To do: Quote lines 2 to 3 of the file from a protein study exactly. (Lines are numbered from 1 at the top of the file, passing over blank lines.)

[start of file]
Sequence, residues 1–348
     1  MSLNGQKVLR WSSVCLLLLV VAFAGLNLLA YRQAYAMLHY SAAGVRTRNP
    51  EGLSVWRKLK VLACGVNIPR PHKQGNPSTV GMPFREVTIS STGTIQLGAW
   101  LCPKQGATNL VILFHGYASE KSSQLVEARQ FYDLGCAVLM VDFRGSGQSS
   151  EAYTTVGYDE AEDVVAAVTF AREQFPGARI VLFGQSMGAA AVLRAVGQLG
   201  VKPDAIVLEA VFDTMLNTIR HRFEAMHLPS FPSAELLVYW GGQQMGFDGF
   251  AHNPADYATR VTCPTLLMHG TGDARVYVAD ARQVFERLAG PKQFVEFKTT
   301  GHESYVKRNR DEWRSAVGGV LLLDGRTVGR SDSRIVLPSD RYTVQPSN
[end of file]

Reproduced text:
     1  MSLNGQKVLR WSSVCLLLLV VAFAGLNLLA YRQAYAMLHY SAAGVRTRNP
    51  EGLSVWRKLK VLACGVNIPR PHKQGNPSTV GMPFREVTIS STGTIQLGAW